The tangential deviatoric stress is the force along the tangent line of the residual oil film, and the higher tangential deviatoric stress results in a larger angular deformation. The trend of tangential deviatoric stress in Figure 8 shows that there is a dividing point between 1/4 and 1/2 lengths along the flowing direction, and the tangential deviatoric stress is negative before the point and positive behind the point. The smaller ratio of viscosity of residual oil and polymer solution and the stronger elasticity result in higher tangential deviatoric stress on the residual oil film. Due to the memory function of viscoelastic fluid, the elasticity of flooding fluid has a hysteretic influence on the peak of tangential deviatoric stress. The larger wetting angle of the oil film with the same length (40 μm) results in larger tangential deviatoric stress on the oil film.
3.6. Calculation of Horizontal Deviatoric Stress
The variation of horizontal deviatoric stress under different conditions is shown in Figure 9.
(a) Variation of viscosity ratio
(b) Variation of wetting angle
Figure 9 shows the positive value of horizontal deviatoric stress except for the part near the rock, indicating that the horizontal component of the force of polymer solution on the residual oil is in the same direction as the flowing. The negative value in the part near the rock is due to the interfacial tension in the triphase contact area. The horizontal deviatoric stress is axisymmetrically distributed along the middle of the oil film with the maximum value. The horizontal deviatoric stress variation has the similar trend as the normal deviatoric stress does.
3.7. Calculation of Vertical Deviatoric Stress
The variation of vertical deviatoric stress under different conditions is shown in Figure 10.
(a) Variation of viscosity ratio
(b) Variation of wetting angle
Figure 10 shows that the vertical deviatoric stress variation is positive in a small part of the middle of the oil film and negative in the rest part, suggesting that the vertical component of force of polymer solution on the residual oil has a downward direction. The absolute value of vertical deviatoric stress in the upstream of the oil film is higher than that in the downstream of the oil film, indicating higher pressure. The comparison with horizontal deviatoric stress shows that the absolute value of vertical deviatoric stress is higher than that of horizontal deviatoric stress in the same position. The normal and tangential components of both horizontal and vertical deviatoric stresses have the same direction as both normal and tangential deviatoric stresses.
The oil has the smallest interfacial energy with a static residual oil film and polymer solution in the equilibrium state. The superficial area of the residual oil film tends to decrease as much as possible and a shrinkage force along the tangential direction, that is, interfacial force stops the deformation of the interface. The shape of the contact area of the rock, oil, and flooding fluid results from the balance between the interaction force (adhesive force) of oil molecules in the adhesive layer and the rock molecules and the mutual attraction (cohesion force) of oil molecules. If the adhesive force is higher than the cohesion force, the rock is wetted by the oil with the expanded adhesive layer. Conversely, the adhesive force is lower than the cohesion force, and the rock is not wetted by the oil with the shrunk adhesive layer. When the flooding fluid sweeps through the residual oil, both shear and tension forces are generated, changing the shape of residual oil, and the wetting angle is changed correspondingly, causing wettability hysteresis. The wettability hysteresis is not obvious with higher interfacial tension, while wettability hysteresis is obvious with lower interfacial tension when the residual oil is possibly completely separated. There is a critical capillary number for the deformation and separation of residual oil. With the capillary number below the critical value, the residual oil is further stretched and reaches the steady state. Otherwise, the residual oil continues to be stretched. For a long time, the latter part of residual oil is pushed downstream, and a negative curvature is generated toward the rock wall face. The front part of residual oil rolls along the rock wall face. With the high interfacial tension between the rock and residual oil, the residual oil is broken, and a part is separated from the parent fluid drop, and another part is still adhered to the rock wall.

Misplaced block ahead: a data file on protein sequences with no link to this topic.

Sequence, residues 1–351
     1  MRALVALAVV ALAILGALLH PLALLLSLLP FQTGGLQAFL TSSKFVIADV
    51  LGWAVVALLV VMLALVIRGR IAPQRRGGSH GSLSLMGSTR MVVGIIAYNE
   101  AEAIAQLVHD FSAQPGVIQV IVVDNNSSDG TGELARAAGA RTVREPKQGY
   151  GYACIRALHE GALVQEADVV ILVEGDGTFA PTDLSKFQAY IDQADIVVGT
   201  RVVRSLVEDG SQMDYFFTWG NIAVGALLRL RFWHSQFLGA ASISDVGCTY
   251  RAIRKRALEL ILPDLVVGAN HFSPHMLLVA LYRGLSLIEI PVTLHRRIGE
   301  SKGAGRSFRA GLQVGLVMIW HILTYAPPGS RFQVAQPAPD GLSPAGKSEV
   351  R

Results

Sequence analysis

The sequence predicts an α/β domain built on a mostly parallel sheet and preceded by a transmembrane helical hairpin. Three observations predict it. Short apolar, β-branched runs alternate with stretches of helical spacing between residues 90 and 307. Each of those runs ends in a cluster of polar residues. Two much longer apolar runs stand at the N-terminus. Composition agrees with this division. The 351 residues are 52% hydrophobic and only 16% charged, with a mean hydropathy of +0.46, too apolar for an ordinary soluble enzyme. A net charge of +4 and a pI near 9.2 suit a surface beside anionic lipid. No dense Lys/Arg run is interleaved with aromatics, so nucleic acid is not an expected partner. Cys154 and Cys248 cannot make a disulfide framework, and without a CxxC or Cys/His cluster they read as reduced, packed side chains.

With the same quantity of flow, this paper analyzes the impact of the viscosity of flooding solution and the wettability of residual oil on the stress of residual oil. The computation shows that residual oil deformation is increasingly more obvious with an increasingly bigger advancing angle and an increasingly smaller receding angle as the viscosity ratio decreases. Through the analysis of the impact of the initial wetting angle on residual oil deformation, it is concluded that the bigger initial wetting angle corresponds to the bigger advancing angle and smaller receding angle. For oil films with the same length, the smaller initial wetting angle corresponds to the bigger change of the advancing contact angle and more obvious downstream deformation; the bigger initial wetting angle corresponds to the bigger change of the receding contact angle and more obvious upstream deformation. Such analysis offers certain guidance to the preparation of polymer solution and understanding of residual oil film distribution in microchannels and increases flooding efficiency and oil recovery.
The horizontal stress difference reflects the force on the flooded residual oil of different heights toward the flowing direction. The horizontal stress difference increases with the flooding fluid viscosity. As the viscosity increases by one time, the horizontal stress difference increases by one time correspondingly. The increase of flooding fluid elasticity results in the change of the horizontal stress difference, which increases to the extremum and then decreases gradually. The point of the extremum is not located at the triphase contact point, but somewhere in the upstream of the residual oil film, which is related with the memory function of viscoelastic fluid. The higher elasticity of flooding fluid results in a larger extremum of horizontal stress difference.
Conflicts of Interest
The authors declare that they have no competing interests.
This work was supported by University Nursing Program for Young Scholars with Creative Talents in Heilongjiang Province through Grant no. UNPYSCT2016121.